• Try to tune your mentality to treat simulation as close to real trading as possible - this is a superpower in our opinion. Simulation is like practice you can do whatever you want and more practice = better trading performance when live. The problem with the simulator is most traders get carried away with profits - that's not the goal at all. Pause. Play. Skip. Rewind and learn the chart - that's exactly what the simulator is designed for. 

The simulator with unlimited possibilities, crafted to be as close to a real trading platform as possible with multiple charts - a feature that is exclusive to TradesViz. All the 4 charts you see above are synced and fully customizable. Meaning, you can set it to be any combination of symbols and/or timeframes and trade on any of the 4 charts. 

If you execute a limit order on an AAPL chart, you will see the same order synced/shown in real-time in all other AAPL charts in the multi-simulator - meaning, all your orders, executions, and even drawings are synced! Here's a video showing all of this:

Why multi over single? when to use what?

Now you might be asking why we have this when there is a single simulator? or rather, why do we have a single simulator when we have a single simulator when there is a fully functional multi-chart simulator?

The answer is preference

Not all traders trade on 4 charts at once and not all traders trade on just one chart. The single chart allows you to focus on just one symbol and one timeframe and gives you full-screen space to view the entire chart (+ bar skip/next bar is a feature that is only available on the single simulator). Whereas, multi-simulators might not be a good fit for new traders at the beginning as it can be overwhelming to see so many charts/buttons/controls.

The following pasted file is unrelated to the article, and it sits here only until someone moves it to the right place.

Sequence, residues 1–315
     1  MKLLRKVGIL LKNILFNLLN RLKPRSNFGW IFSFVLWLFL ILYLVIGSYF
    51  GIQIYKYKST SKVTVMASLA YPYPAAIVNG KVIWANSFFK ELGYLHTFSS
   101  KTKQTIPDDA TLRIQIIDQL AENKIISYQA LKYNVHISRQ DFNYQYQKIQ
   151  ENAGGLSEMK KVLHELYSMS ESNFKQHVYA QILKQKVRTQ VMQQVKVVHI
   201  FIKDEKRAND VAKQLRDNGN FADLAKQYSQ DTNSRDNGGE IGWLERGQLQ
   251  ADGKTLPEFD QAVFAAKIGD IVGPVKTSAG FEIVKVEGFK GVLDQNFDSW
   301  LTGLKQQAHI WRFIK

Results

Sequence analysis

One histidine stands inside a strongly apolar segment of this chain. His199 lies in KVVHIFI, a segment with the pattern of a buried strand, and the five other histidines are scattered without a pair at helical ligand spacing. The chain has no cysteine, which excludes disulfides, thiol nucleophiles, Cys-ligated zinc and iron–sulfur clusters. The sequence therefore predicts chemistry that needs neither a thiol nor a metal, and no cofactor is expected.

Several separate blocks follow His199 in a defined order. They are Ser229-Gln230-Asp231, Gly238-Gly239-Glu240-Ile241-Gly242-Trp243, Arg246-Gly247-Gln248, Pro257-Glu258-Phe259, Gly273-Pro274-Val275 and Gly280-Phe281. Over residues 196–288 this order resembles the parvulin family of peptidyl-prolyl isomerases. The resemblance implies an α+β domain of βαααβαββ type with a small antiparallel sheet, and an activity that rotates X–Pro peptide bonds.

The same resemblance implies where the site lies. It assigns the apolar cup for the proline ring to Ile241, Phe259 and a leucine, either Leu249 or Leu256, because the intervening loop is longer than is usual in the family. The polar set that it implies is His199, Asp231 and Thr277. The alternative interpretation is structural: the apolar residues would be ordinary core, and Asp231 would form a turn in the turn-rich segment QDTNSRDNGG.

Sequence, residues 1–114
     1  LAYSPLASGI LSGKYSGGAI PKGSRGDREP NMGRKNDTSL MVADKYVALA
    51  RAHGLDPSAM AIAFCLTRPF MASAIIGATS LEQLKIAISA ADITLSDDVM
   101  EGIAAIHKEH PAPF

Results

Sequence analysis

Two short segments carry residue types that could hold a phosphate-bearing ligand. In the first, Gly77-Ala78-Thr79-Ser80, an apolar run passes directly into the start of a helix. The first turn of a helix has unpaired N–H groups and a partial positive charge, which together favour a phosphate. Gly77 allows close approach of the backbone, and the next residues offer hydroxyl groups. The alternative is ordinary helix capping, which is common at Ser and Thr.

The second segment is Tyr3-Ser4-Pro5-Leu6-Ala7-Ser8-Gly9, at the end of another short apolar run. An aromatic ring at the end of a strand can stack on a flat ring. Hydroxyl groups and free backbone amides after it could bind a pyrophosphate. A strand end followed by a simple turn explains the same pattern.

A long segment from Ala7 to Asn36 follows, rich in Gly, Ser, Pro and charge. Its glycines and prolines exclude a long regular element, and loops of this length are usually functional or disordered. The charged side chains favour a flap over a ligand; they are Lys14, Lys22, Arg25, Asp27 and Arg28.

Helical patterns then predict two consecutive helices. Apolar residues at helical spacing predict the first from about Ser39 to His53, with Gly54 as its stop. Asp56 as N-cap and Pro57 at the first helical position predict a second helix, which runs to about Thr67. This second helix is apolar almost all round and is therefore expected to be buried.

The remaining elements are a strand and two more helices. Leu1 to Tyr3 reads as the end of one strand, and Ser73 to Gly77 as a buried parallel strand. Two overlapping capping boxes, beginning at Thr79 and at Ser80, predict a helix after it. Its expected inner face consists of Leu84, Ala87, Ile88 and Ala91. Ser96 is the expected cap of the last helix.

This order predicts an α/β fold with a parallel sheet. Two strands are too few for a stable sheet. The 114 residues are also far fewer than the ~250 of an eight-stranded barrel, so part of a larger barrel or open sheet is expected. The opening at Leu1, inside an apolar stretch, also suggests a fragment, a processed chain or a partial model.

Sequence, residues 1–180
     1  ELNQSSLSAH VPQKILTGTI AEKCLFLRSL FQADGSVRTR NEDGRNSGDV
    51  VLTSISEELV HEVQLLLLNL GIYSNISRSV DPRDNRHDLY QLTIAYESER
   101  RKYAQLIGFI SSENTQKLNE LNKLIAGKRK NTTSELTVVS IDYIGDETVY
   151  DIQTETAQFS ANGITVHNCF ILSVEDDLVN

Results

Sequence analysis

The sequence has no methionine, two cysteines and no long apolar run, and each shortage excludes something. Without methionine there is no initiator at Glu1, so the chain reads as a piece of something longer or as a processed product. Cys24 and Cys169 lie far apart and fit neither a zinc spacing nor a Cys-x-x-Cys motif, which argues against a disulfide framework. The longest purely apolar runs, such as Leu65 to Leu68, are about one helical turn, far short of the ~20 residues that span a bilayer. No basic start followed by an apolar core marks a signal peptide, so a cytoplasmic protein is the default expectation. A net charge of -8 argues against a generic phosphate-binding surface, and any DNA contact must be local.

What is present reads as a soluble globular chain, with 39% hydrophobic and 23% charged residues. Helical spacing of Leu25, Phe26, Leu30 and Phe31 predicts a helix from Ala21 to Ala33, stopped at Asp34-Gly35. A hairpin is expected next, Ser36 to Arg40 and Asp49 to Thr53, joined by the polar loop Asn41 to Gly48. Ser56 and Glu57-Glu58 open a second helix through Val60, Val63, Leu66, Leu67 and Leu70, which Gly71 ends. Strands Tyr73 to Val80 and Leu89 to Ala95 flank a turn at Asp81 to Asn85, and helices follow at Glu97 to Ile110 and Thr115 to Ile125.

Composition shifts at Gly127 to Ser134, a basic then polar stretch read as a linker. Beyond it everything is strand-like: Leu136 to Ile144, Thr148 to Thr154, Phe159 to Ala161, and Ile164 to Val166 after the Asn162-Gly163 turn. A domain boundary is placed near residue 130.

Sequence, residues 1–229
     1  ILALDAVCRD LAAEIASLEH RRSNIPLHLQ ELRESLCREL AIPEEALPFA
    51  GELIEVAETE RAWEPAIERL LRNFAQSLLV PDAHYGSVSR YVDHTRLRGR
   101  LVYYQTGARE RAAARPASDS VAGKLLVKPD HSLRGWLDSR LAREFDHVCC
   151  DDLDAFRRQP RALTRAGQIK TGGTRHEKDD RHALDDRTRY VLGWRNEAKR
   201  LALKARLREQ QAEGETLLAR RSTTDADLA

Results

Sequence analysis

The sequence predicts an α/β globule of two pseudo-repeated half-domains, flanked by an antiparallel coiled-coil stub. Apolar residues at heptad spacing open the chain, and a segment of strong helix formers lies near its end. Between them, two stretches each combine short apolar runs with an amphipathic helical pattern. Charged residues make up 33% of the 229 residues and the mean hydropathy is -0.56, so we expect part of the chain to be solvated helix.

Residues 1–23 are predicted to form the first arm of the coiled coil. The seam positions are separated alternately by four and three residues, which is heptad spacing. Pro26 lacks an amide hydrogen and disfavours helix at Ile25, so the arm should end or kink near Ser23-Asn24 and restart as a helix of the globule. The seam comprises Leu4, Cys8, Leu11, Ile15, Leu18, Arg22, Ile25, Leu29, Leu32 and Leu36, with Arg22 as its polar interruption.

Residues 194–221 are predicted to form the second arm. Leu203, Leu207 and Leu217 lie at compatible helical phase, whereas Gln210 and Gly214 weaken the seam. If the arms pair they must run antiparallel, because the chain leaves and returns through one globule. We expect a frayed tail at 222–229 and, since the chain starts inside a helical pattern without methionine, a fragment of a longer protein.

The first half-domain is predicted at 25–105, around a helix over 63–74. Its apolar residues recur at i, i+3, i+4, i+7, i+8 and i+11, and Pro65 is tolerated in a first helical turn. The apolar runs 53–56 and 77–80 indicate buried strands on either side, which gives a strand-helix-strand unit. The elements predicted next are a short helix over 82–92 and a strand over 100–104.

Multi-simulators are a lot more expressive and powerful when you want to experience a full-blown 1:1 trading simulation experience like you have in your trading platform as a lot of traders typically use at least 2 charts when trading. 

In the end, use whatever is comfortable for you. Both work really well and serve slightly different purposes but the goal is same: to provide you with the best possible simulation environment to learn trading and perfect your entries, exits and risk management. 

Best practices 
  • All the recommendations mentioned in the single simulator apply here also. 
  • The biggest advantage of multi over single is, of course, that you have 4 charts which means you can use either 4 unique timeframes, different symbols each with a unique timeframe, etc., This should eliminate the need for timeframe switching.
  • If you want to change a symbol or timeframe, prefer to use the sync charts option instead of changing the charts one by one. 
  • Remember that you can adjust the size by clicking on the "Toggle View" button - this makes the 4 charts fit your current screen size so you can view all 4 of them fully without any scrolling.